What's Next After the Five Rounds of Saudi-Iranian Dialogue?
Policy Analysis | This analysis addresses the increasing indicators to the imminent convening of the sixth round Saudi-Iran talks after they were suspended for nearly a year due to the Iraqi government’s desire to complete its role as a bridge to bring regional destinations closer, especially after the success of the second round of the Baghdad Conference held in Jordan.
by Mukhtar Shuaib Abdullah
- Release Date – Dec 26, 2022
The second round of Baghdad Conference for Cooperation and Partnership held in Jordan between Saudi Foreign Minister Faisal bin Farhan and his Iranian counterpart Hossein Amir-Abdollahian was followed by a tweet in which Farhan confirmed his “readiness to continue dialogue with Iran.”
This signals the possibility that a sixth round of talks between the two countries will be held soon. After the first five rounds were held in Baghdad beginning in December 2019, a sixth round scheduled for September 2022 was suspended due to the political crisis in Iraq, which was hosting the talks. That crisis extended until the formation of the new Iraqi government headed by Mohammed Shia Al-Sudani in October 2022. However, the talks remained suspended over Iranian allegations of Saudi interference in the country’s protests.
Experts believe that the second round of the Baghdad Conference, hosted by Jordan, will push for resuming the Saudi-Iran talks. In addition, the dialogue was a space for discussion between Iraqi Prime Minister Mohammad Shia al-Sudani and Iranian officials during al-Sudani’s visit to Tehran in November 2022, as well as during his visit to Riyadh for the 2022 Arab states-China summit, where he met Saudi Crown Prince Mohammed bin Salman on December 9.
The talks, which took place under Iraqi auspices during the tenure of former Iraqi Prime Minister Adel Abdul Mahdi, tackled how to reduce tension between the two countries and restore their diplomatic relations; visions for settling issues regarding Yemen, Syria and Lebanon; addressing armed militias supported by Iran in the region; the Iranian nuclear file; ways to preserve the security of the Gulf region and halt the arms race in it; and bilateral cooperation regarding pilgrimage, trade, and other issues.
The last two rounds produced a signed 10-point memorandum of understanding (MoU) that represented a major breakthrough in the crisis between the two countries. Among other agreements, the MoU includes Iran and Saudi Arabia opening consulates in Jeddah and Mashhad, respectively; resolving the Yemeni crisis; dealing with Iranian pilgrims; cooperation in trade, combating crime, and terrorism; addressing the situation in Lebanon and Syria; and achieving security and stability in the Gulf. .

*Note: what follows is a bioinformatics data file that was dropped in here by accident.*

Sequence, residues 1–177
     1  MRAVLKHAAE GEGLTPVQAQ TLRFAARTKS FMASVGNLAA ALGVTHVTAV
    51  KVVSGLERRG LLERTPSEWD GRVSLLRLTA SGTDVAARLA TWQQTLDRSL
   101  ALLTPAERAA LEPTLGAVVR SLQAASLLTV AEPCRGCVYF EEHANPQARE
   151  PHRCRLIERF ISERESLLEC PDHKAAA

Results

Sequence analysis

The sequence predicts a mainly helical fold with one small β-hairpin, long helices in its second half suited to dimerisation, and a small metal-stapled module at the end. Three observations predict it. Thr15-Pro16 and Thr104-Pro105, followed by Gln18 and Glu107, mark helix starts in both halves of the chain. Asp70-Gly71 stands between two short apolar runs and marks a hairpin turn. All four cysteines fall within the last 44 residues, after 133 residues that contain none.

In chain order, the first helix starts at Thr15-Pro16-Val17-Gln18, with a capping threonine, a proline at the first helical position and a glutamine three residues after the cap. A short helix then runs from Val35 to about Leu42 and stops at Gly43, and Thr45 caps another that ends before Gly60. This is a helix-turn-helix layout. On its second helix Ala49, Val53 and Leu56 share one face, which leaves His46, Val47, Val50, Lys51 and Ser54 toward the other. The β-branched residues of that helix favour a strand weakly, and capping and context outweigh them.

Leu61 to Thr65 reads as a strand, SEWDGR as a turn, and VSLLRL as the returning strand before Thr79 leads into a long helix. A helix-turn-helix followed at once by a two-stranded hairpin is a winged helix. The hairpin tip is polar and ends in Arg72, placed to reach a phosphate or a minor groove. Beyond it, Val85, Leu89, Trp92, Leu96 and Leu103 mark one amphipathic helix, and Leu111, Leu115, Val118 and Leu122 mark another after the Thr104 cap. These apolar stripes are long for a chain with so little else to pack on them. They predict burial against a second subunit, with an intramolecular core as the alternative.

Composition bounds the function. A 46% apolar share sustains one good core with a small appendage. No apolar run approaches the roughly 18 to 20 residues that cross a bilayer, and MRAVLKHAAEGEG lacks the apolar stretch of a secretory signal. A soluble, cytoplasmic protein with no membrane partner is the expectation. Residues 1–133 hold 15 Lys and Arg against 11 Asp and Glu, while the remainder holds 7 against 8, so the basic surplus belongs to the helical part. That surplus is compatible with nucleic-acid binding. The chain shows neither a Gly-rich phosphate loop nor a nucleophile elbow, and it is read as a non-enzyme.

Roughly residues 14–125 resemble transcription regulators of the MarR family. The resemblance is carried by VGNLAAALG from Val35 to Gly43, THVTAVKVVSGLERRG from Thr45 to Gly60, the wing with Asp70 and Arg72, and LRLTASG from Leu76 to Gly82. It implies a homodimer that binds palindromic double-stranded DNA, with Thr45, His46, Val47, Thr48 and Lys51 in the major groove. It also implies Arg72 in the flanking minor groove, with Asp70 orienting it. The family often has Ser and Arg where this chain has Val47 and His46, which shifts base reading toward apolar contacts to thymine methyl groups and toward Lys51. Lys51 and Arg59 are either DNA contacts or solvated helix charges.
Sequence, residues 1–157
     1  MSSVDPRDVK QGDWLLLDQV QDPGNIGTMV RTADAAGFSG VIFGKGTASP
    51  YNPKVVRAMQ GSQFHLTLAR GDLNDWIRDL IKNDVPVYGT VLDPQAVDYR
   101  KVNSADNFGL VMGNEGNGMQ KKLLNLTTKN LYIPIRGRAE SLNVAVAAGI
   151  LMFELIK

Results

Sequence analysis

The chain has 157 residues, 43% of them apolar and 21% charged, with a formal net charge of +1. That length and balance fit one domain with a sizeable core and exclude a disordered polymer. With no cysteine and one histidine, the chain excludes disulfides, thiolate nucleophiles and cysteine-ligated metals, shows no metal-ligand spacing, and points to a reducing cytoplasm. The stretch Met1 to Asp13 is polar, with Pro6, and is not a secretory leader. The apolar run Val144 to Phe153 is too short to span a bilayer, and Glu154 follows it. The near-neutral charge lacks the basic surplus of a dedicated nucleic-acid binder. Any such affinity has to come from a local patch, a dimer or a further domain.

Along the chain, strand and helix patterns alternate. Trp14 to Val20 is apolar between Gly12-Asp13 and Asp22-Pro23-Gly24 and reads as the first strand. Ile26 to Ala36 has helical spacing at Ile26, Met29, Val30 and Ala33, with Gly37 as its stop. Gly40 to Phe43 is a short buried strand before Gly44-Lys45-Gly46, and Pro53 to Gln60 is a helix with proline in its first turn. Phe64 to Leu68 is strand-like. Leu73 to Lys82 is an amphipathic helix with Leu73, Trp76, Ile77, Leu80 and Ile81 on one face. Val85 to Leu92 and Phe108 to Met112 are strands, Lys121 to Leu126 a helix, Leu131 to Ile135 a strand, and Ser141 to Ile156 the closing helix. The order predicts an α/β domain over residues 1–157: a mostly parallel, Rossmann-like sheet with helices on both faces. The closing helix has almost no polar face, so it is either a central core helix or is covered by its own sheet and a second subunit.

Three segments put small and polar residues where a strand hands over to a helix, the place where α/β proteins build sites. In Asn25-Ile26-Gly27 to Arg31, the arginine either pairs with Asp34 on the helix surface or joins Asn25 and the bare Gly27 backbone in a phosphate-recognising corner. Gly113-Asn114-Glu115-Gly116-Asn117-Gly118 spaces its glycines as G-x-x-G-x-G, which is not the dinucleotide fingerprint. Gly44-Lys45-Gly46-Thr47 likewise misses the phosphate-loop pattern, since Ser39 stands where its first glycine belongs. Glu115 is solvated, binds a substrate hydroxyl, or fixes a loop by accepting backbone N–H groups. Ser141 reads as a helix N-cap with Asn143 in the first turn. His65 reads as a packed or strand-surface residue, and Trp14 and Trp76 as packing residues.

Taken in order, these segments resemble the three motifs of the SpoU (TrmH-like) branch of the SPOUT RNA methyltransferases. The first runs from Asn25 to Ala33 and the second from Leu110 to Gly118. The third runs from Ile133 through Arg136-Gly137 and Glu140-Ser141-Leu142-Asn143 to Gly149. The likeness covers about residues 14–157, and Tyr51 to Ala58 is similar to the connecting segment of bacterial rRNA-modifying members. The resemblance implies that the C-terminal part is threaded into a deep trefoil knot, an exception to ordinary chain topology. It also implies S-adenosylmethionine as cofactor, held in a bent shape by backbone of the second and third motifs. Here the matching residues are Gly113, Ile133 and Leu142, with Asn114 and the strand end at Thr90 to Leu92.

As the second round of the Baghdad Conference brings the talks back into focus, observers raise many questions. What does each side want from the other? What are the influencing factors? What are the obstacles and expectations?
Two Contradictory Visions
The talks addressed several procedural issues related to the level of representation, progressing from experts and employees to security and diplomatic personnel. By the fifth round there was high-level representation from both sides: the head of Saudi’s intelligence service, Khalid bin Ali Al Humaidan, and the secretary-general of the Iranian Supreme National Security Council, Ali Shamkhani. This senior level of representation reflected positive developments in addressing the issues under discussion, although the two parties differed in their assessments of the progress made. The dialogue as positive, according to statements from Iran Foreign Minister Hossein Amir-Abdollahian while Saudi Foreign Minister Prince Faisal bin Farhan described the same dialogue as a good development without significant progress.
It is expected that the sixth round will involve undersecretaries or deputy foreign ministers from the two countries as well as the leaders of their intelligence services. Restoring this dialogue was an area of discussion between Iraqi Prime Minister Mohammad Shia al-Sudani and Iranian officials during his visit to Tehran, as well as during al-Sudani’s visit to Riyadh and his meeting with Saudi Crown Prince Mohammed bin Salman.
In fact, there are divergences in the two countries’ visions on addressing the issues under discussion. These divergences continue to hinder restoring diplomatic relations.
1- Iran saw the need to exchange consulates and return diplomats as a first step to improve relations in parallel with the continuation of talks. Riyadh, on the other hand, believes that there is no need to rush. Riyadh’s priority is to first solve the main issues causing such tension and conflict that led to the severance of diplomatic relations, not vice versa.
Tehran, meanwhile, argues that the issues under discussion are lengthy and complex; they cannot be easily settled and can be dealt with separately after the exchange of diplomatic representation and the opening of the embassies of the two countries. It argues that discussing major issues at higher political levels will facilitate practical solutions that will endure.
2- Although the talks focused on the Yemeni file, the two sides could not agree on a road map to resolve the crisis there more than 16 months since the first talks began. Riyadh asked Tehran to stop its military and political support for the Houthi group “Ansar Allah” in Yemen and to push forward to reach a political solution to the crisis there based on the Gulf initiative announced by Riyadh in late March 2022, which includes a comprehensive ceasefire throughout the country and the start of consultations between the Yemeni factions under the auspices of the United Nations, along with the outcomes of the national dialogue and U.N. Security Council resolutions. Riyadh, in return, said it will open Yemen’s Sana’a International Airport to some regional and international destinations, as well as ease restrictions on imports, especially related to food and energy.